Archbishop Rowan Williams reflects on the meeting of the Anglican Consultative Council in his presidential address. Episcopal Life Online reports:
Archbishop of Canterbury Rowan Williams in his presidential address to the Anglican Consultative Council (ACC) here May 11 compared the Anglican Communion’s long-standing divisions to those in the Holy Land.
“The other day we were giving quite intense attention to the situation in the Holy Land and in that discussion I thought there are echoes of language we hear nearer home,” Williams said. “Well, thank God, our divisions and our fears are not as deep and as poisonous as those between communities in the Holy Land, but I think you may see why some of the same language occasionally awakes echoes.”
He then asked: Who are the people who bear the deepest cost in the Anglican Communion?
“There are some who would say that in this conflict the credibility of Christianity itself is at stake,” Williams said.
For some gays and lesbians, Christian credibility has been shattered by a sense of rejection and scapegoating, he continued. They cannot commend the Christianity they love and believe in because they are caught up in a community where scapegoating and rejection is ingrained, he said.
Others feel the decisions made elsewhere in the world have undermined their witness which, Williams said, prevents them from commending the Christianity they long to share with ease and confidence with their neighbors.
“Deep costs; different costs. How can they come together so that they can recognize the cost that the other bears and recognize the deep seriousness about Jesus and his gospel?”
Presiding Bishop Katharine Jefferts Schori offered her reflections here. Jefferts Schori says they leave the meeting with “hope for the future and the realization that we have hard work ahead of us.”
The outgoing and incoming chairs of the ACC spoke at the Press Briefing:
On Monday May 11,2009 the current ACC Chair Bishop John Paterson of Auckland New Zealand, the newly elected chair Bishop James Tengatenga of Malawi and Canon John Rees (the legal advisor to ACC participated in a press briefing both looking back in the case of Bishop John and in looking forward for Bishop James to the work of ACC. They both concurred that this has been an important meeting and that engaging in mission is critical in the way forward for the Anglican Communion. Canon Rees provided some important information to clarify the process concerning resolutions and the power and authority of the Chair at ACC meetings.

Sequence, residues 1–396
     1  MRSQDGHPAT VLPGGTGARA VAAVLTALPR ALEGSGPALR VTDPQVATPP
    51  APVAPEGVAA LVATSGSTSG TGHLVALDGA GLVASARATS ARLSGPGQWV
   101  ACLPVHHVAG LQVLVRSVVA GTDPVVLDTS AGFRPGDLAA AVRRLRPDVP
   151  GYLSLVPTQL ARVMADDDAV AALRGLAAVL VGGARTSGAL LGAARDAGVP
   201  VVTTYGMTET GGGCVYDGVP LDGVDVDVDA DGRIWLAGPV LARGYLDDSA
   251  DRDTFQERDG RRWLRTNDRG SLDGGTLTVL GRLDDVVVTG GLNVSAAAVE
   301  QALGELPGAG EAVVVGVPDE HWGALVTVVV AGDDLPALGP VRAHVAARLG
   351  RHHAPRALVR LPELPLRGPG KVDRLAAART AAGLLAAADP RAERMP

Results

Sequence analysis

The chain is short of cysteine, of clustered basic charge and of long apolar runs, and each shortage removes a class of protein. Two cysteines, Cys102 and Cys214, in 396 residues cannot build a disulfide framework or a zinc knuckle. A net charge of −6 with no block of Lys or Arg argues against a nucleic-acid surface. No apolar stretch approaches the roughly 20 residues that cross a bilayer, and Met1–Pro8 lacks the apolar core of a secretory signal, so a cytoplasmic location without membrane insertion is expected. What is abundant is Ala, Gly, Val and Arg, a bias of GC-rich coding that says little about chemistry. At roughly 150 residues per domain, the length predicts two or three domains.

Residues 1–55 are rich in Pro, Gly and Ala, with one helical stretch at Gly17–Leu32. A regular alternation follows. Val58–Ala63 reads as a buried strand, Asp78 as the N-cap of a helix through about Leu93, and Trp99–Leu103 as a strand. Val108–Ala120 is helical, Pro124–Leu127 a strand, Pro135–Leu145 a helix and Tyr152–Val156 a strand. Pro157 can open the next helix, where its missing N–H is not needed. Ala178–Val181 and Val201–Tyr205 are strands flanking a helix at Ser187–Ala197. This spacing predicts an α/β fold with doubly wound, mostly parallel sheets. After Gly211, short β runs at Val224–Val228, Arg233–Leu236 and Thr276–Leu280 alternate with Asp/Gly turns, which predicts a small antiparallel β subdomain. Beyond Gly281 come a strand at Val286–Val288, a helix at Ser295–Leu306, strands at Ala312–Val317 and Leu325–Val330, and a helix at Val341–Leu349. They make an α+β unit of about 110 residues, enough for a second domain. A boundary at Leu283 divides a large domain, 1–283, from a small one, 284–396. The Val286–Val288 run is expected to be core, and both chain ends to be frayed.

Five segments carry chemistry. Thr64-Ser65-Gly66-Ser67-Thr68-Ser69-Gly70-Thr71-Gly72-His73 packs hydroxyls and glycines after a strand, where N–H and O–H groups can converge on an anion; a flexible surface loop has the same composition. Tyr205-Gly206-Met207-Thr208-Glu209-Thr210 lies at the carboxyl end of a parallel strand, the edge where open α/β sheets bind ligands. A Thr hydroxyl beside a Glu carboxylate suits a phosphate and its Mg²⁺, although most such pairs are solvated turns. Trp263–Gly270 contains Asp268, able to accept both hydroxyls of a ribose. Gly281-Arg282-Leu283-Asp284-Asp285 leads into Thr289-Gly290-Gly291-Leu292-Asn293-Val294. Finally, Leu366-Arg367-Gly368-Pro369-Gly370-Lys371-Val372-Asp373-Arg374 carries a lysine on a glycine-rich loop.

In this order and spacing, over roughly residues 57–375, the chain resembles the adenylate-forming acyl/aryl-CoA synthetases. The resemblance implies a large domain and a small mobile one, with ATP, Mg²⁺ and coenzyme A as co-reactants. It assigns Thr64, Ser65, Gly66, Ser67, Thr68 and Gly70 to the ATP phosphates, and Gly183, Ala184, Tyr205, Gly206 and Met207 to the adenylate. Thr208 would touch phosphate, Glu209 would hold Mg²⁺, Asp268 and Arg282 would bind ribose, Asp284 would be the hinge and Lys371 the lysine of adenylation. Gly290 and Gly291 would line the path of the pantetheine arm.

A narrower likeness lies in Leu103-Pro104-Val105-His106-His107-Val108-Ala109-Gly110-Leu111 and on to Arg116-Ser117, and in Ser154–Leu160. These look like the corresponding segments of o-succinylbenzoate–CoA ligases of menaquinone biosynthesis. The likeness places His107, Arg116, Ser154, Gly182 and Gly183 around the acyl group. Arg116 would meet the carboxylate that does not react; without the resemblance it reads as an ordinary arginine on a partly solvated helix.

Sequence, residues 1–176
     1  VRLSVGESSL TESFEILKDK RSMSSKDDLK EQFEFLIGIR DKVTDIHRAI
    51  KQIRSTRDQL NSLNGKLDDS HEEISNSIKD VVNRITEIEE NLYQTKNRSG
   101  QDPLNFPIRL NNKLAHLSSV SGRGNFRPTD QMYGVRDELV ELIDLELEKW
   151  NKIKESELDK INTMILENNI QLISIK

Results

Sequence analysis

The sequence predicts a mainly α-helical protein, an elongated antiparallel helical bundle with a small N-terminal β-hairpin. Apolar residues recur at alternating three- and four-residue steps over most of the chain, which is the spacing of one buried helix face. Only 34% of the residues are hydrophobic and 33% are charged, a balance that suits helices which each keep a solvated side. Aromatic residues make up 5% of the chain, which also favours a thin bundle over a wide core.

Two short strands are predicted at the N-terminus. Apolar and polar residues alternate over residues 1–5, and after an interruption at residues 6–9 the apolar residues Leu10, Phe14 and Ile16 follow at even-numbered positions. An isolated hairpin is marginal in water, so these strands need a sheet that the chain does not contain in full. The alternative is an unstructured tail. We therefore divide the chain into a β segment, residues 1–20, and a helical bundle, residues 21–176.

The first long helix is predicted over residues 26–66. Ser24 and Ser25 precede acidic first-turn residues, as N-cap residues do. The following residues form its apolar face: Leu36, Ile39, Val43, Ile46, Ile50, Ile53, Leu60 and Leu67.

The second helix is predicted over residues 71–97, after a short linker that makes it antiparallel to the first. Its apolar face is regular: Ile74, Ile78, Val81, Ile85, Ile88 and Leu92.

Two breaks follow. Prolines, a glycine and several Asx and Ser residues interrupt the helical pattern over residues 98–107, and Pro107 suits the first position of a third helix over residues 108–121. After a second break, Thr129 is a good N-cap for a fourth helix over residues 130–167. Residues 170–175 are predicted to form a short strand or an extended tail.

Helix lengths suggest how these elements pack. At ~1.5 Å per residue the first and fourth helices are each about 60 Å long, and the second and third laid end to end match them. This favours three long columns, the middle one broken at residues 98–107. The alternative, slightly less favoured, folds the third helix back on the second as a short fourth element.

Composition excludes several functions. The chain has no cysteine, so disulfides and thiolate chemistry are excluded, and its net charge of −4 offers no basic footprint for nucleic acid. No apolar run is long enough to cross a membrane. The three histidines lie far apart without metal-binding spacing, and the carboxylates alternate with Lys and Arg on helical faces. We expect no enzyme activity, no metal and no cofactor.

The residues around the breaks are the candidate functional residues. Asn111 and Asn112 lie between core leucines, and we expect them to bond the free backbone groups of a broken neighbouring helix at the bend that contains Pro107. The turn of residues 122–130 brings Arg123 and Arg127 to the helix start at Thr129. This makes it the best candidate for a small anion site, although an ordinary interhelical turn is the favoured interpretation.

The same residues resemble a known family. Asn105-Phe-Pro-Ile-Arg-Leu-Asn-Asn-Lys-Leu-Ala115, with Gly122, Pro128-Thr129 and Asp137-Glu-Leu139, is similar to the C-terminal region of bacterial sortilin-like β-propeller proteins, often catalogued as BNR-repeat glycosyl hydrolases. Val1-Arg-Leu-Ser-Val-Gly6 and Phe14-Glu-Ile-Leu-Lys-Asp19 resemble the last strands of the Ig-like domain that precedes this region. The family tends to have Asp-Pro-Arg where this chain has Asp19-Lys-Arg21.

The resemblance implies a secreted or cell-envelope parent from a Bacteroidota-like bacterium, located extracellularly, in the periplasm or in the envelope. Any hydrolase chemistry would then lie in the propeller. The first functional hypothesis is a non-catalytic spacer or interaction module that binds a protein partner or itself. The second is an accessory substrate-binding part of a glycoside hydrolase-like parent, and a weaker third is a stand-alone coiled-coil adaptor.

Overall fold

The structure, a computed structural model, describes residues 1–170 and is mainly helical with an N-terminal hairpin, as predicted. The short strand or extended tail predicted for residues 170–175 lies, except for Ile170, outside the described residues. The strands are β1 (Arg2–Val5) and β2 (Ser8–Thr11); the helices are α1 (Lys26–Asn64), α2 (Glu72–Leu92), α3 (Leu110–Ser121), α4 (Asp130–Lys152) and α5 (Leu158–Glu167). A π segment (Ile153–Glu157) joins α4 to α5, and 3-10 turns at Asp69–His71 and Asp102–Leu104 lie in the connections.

A digest of ACC news is here.
Other podcasts of reports and press briefings are available here.
The Anglican Journal, Canada reports on ABC Rowan Williams speech here:
The 14th Anglican Consultative Council has not “given evidence of any belief” that Anglicans worldwide “have no future together,” said the Archbishop of Canterbury, even as he warned that it would be “inevitable” that the Anglican Communion could turn into a “much more dispersed association” or federation if all member churches do not sign on to the proposed covenant.
And referring to the voting procedures:
Some have criticized the handling of that resolution, but John Rees, the legal adviser to the Anglican Communion, told a press briefing that none of the delegates complained to him directly about it, nor asked for a re-vote. ACC chair John Paterson maintained that the resolution had been dealt with adequately and fairly. “I’m not embarrassed about the outcome,” he said.
Thinking Anglicans offers many links to reports and commentary here.
Mark Harris comments on what was accomplished or not here.
The Pluralist comments in Daily Episcopalian today here.
What the Anglican Consultative Council meeting in Jamaica has done is removed the backdoor and windows means to entry and manipulation. First of all, only signed up members of the Anglican Consultative Council can join, thus cutting out the Anglican Church of North America’s ambition to fast track itself into recognition against that of TEC and the ACC. Furthermore, it wants the section 4 revised, so that even that centralising and residual disciplining is removed. It was a close vote, but nevertheless that’s it regarding the ambitions of GAFCON and the separatists who would opt to press the Communion into its own shape first.